Emotional Intelligence for Kids - SmartMom

The Importance of Emotional Intelligence For Kids

Photo by Emma Wood

Emotional intelligence, or EQ, is the ability to identify, understand and manage one’s own emotions and to have empathy for others. The importance of emotional intelligence for kids cannot be stressed enough. EQ shows itself in a child’s social skills, control, confidence, motivation and creative thinking – qualities and skills that are typically not taught in school, yet are vital for success, both in and out of the classroom.

Children that develop a high EQ are more likely to cultivate positive relationships, communicate effectively, resolve conflicts, overcome difficult situations and manage stress. As these children enter adulthood, their sharpened EQ can help them be happier and healthier in their careers and relationships.

How Children Develop Emotional Intelligence

Kids are a product of their environment and learn from watching the interactions of the key adults – parents, caregivers and teachers – in their lives. Caregivers with a healthy EQ understand what the little ones in their care are feeling and why. These adults are adept at demonstrating and teaching children how to interpret and respond to their own and others’ feelings in an appropriate way.

Ways to Strengthen Your Child’s Emotional Intelligence

Model Empathy. First and foremost, express empathy for your child, and also let him see your compassion for others. Observe and take notice of what’s happening in your child’s life, show enthusiasm in their interests, and share in both their triumphs and distress. Little ones that feel seen and valued are more likely to show compassion, respect and empathy for others.

Meet Your Child’s Emotional Needs. Strive to develop a strong, secure attachment with your child by observing and meeting your child’s emotional needs. Guiding your child through difficult moments will deepen your child’s trust in you and help them feel secure, thereby increasing the tendency to show empathy for others.

Identify Feelings. Help your young child understand his emotions by naming them along with a situation. For example, you could say, “Splashing in puddles makes you happy!” Or, “You’re disappointed that the swing is not available right now.” As your child builds connections with how certain situations make them feel, you can ask questions like, “What makes you mad?” or “What makes you sad?” Another way to identify emotions is to read picture books with your child and talk about the characters’ expressions and how they might be feeling.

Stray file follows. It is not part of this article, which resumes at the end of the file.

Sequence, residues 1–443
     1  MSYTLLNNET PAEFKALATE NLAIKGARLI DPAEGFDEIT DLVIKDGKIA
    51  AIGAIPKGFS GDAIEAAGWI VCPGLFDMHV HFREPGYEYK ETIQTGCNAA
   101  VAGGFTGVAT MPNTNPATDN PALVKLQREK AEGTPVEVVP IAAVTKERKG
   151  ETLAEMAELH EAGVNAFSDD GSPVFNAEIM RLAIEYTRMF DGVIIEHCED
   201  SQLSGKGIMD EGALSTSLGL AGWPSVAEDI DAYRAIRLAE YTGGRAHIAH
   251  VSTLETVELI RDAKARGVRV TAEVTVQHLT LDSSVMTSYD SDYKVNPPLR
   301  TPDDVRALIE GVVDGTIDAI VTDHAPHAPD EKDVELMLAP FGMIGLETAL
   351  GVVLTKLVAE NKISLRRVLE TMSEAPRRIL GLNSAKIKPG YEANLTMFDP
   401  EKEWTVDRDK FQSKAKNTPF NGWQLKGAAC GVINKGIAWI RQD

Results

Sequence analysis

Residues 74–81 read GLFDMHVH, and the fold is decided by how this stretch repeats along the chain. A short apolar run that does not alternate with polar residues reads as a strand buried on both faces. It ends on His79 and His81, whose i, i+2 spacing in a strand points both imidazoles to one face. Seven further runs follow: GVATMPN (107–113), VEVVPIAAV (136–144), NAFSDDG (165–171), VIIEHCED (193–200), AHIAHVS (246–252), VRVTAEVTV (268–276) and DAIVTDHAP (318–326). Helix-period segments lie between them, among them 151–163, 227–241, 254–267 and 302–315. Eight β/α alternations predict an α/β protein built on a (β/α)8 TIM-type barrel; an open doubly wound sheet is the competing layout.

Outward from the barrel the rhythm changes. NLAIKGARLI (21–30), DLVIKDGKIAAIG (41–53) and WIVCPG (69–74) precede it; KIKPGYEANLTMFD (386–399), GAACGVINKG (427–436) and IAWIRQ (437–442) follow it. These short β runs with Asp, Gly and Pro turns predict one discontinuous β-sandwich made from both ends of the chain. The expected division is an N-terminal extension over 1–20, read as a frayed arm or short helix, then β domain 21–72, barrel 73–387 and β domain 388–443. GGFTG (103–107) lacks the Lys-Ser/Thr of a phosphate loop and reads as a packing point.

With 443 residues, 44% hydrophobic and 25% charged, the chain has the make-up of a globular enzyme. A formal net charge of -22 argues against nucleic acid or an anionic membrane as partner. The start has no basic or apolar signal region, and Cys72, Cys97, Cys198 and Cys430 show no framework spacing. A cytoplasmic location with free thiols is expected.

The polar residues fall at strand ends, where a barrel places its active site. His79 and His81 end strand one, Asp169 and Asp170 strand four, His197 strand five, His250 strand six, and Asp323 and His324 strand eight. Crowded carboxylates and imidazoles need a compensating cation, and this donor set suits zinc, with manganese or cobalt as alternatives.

Teach Them Techniques. Young children often have difficulty handling strong emotions, and especially strong, negative emotions. Once their feelings have been identified, help them navigate solutions to help them feel better. For a toy squabble, you might say, “You feel upset with Sarah because she has the toy you want to play with. It’s not available right now. Would you like me to read a book to you, or do you want to ride the swing?”  With time, and with practice, your child will learn to communicate with others about their feelings and work together to solve problems.

Give Your Child Opportunities to Be of Service to Others. Whether you give your child responsibilities at home or take them to volunteer with an organization, being of service to the family or community will help grow your child’s awareness of others’ needs. Let your child take care of the family pet, water plants or sweep the kitchen. Volunteer with your child at the animal shelter or collect canned foods to donate to the food bank.

How to Strengthen Your Own Emotional Intelligence

If you feel that you could use some help raising your own EQ, there are many resources available to you. Here are a few books and websites to start you off:

Books:

Emotional Intelligence by Daniel Goleman

How to Talk So Kids Will Listen and Listen So Kids Will Talk by Adele Faber and Elaine Mazlish

Siblings Without Rivalry: How to Help Your Children Live Together So You Can Live Too by Adele Faber and Elaine Mazlish

Raising Children Compassionately: Parenting the Nonviolent Communication Way by Marshall B. Rosenberg

Raising Your Spirited Child by Mary Sheedy Kurchinka

Websites:

Language of Listening

Faber/Mazlish Workshops

The Center for Nonviolent Communication 

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About Darlene MacAuley

Darlene is the mother of two teens and loves the adventure of motherhood. Professionally, she has worn many hats -- most recently, she was a birth doula and childbirth hypnosis instructor, and currently, she blogs about small business tips for childbirth professionals and writes freelance articles for different blog sites. When she's not shuttling her homeschooled daughter to a class or spending the weekend at her son's baseball tournaments, Darlene is usually in the kitchen trying out new recipes she found on Pinterest or is catching up on a favorite Netflix series.